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A DAMNING report has found the government guilty of contributing to tens of thousands of avoidable deaths through its “gross negligence” during the coronavirus pandemic.
The People’s Covid Inquiry report, published today, exposes a catalogue of failures that amount to “misconduct in public office” by government ministers.
Evidence given to the inquiry, which included testimonies from former advisers to the government, revealed cronyism that allowed “blatant profiteering” off the back of the pandemic, as billions of pounds of public money was handed out in contracts to private companies.
The inquiry found the government guilty of breaching each of the Nolan principles expected of holders of public office: selflessness, integrity, objectivity, accountability, openness, honesty and leadership.
The inquiry, which began in February and concluded its hearings in the summer, was organised by campaign group Keep Our NHS Public in the absence of a formal public probe.
Key academics, front-line workers and bereaved family members were among those who gave evidence.
The report accuses the government of ignoring recommendations from previous pandemic planning exercises, of failing to protect key populations at increased risk from the virus and of failing to act when such risks were identified.
The inquiry was chaired by respected human rights barrister Michael Mansfield QC, who said: “This People’s Covid Inquiry report is unequivocal — dismal failure in the face of manifestly obvious risks.
“When it mattered most and when lives could have been saved, the various postures adopted by government could not sustain scrutiny.”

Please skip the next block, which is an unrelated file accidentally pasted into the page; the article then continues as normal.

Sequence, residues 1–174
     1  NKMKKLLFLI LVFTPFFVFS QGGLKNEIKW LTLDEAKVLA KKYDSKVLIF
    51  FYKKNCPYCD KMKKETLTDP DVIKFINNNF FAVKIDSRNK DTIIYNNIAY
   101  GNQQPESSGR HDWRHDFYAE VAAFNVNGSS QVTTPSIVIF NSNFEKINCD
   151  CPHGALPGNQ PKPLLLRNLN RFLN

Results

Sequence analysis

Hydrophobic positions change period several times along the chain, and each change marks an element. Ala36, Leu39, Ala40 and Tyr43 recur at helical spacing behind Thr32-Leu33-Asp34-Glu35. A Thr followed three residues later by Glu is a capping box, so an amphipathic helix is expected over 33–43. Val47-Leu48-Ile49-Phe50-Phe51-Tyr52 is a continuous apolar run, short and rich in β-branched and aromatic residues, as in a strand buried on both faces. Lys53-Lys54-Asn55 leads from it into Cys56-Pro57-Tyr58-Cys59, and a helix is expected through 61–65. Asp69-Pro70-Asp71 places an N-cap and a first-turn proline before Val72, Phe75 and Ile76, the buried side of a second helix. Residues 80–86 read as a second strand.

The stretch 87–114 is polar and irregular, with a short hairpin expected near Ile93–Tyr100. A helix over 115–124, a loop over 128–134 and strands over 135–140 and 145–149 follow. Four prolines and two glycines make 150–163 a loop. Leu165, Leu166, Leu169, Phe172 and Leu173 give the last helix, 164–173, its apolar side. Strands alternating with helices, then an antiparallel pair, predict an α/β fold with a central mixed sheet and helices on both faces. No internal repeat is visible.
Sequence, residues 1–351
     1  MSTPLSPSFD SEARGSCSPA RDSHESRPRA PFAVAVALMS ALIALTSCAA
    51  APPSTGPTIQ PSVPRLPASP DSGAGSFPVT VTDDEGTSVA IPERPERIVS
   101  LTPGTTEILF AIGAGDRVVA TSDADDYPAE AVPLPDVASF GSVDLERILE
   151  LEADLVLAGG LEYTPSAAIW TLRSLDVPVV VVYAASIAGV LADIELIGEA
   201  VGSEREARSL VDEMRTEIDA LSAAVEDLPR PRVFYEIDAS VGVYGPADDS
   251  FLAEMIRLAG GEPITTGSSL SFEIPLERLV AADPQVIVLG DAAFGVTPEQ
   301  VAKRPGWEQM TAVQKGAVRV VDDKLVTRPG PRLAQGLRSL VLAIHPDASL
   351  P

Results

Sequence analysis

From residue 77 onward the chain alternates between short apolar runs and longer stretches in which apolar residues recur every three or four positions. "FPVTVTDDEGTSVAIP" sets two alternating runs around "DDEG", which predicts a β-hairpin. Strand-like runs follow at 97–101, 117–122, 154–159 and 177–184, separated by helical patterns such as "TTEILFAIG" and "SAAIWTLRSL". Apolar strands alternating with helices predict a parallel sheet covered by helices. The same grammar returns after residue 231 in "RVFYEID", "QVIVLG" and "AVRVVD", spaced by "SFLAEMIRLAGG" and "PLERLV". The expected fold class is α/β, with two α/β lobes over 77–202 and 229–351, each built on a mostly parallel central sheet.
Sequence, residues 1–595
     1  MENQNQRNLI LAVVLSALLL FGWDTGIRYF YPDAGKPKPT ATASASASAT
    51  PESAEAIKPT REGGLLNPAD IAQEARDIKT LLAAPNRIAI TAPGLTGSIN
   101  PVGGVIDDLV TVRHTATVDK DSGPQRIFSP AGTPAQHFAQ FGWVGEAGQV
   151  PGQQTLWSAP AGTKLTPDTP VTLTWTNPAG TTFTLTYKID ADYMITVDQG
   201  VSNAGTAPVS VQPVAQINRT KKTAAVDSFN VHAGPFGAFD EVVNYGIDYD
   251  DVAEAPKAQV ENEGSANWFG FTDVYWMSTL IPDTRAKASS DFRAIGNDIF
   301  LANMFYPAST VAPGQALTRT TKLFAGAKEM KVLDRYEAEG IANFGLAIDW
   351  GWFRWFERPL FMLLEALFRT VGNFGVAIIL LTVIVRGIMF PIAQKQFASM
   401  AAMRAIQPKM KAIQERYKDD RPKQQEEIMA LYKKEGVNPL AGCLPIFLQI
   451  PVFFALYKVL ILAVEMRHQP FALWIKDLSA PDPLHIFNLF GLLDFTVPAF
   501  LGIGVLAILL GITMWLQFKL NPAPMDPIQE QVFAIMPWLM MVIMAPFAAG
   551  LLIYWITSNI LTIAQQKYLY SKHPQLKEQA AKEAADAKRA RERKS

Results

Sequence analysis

He said it had been plain to the inquiry’s organisers that the government’s words were “bloated hot air, hoping to delay and obfuscate.
“Within this narrative lies a theme of behaviour amounting to gross negligence by the government, whether examined singularly or collectively,” he said.
“There were lives lost and lives devastated, which was foreseeable and preventable.
“From lack of preparation and coherent policy, unconscionable delay, through to preferred and wasteful procurement, to ministers themselves breaking the rules, the misconduct is earth-shattering.”
Mr Mansfield said the inquiry “performed a much-needed and urgent public service when the nation was hit by a catastrophic pandemic, coincident with an unprecedented period of democratic deficiency.”
Retired consultant paediatrician Dr Tony O’Sullivan, co-chair of Keep Our NHS Public, said the inquiry “filled the deafening silence from government and set out to learn the lessons that could save lives in this and future pandemics.”
He said: “We are shocked at the avoidable loss of tens of thousands of lives through the neglect of pandemic planning, the run-down of the NHS, and the intense inequality in this country.
“The level of government cronyism and resultant profiteering has been blatant and in plain sight.
“Our overall conclusion is that there has been misconduct in public office. This has to be addressed.
“If we ignore it, the country cannot learn the lessons from today to face the challenge of tomorrow.”
Covid-19 Bereaved Families for Justice co-founder Jo Goodman was among those who gave evidence to the inquiry.
Commenting on the completed report, he said it was vital that bereaved families had been “at the heart of the inquiry and listened to at every turn.
“The loss of our loved ones should be used to learn lessons and save lives — something the government should be entirely focused on and dedicated to.”
Mr Mansfield said the inquiry “afforded an opportunity for the beleaguered citizen to be heard; for the victims to be addressed; for the front-line workers to be recognised; and for independent experts to be respected.”
In a statement, the government said: “We prepared for a range of scenarios, and by deploying key elements of our flu preparedness plans we were able to develop new means to tackle the virus quickly such as by setting up our national testing programme and rolling out millions of vaccines.
“Every death from this virus is a tragedy and we have always said there are still lessons to be learnt from the pandemic, which is why we have committed to a full public inquiry in spring.”
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